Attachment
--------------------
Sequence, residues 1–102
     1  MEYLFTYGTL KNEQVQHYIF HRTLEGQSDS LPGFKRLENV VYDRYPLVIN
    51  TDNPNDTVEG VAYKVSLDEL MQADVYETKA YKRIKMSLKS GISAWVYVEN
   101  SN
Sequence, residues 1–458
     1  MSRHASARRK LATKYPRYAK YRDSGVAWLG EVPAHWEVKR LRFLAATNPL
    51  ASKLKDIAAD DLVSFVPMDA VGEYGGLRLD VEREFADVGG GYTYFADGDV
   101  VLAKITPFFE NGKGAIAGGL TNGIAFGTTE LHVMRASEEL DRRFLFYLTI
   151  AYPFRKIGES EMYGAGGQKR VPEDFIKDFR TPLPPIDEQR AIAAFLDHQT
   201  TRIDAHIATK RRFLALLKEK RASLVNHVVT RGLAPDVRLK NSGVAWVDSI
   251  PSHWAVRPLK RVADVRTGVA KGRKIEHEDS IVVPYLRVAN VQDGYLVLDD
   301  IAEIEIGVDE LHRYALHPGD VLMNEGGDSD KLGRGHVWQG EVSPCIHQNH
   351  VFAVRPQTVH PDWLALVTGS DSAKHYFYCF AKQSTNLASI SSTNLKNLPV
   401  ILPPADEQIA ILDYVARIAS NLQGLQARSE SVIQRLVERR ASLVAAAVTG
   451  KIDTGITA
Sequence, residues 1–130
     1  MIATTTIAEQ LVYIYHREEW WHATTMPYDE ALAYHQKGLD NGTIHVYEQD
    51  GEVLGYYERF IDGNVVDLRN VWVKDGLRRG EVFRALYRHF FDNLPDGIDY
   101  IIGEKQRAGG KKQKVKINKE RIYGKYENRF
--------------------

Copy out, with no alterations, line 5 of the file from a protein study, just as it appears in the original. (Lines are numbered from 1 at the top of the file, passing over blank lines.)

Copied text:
Sequence, residues 1–458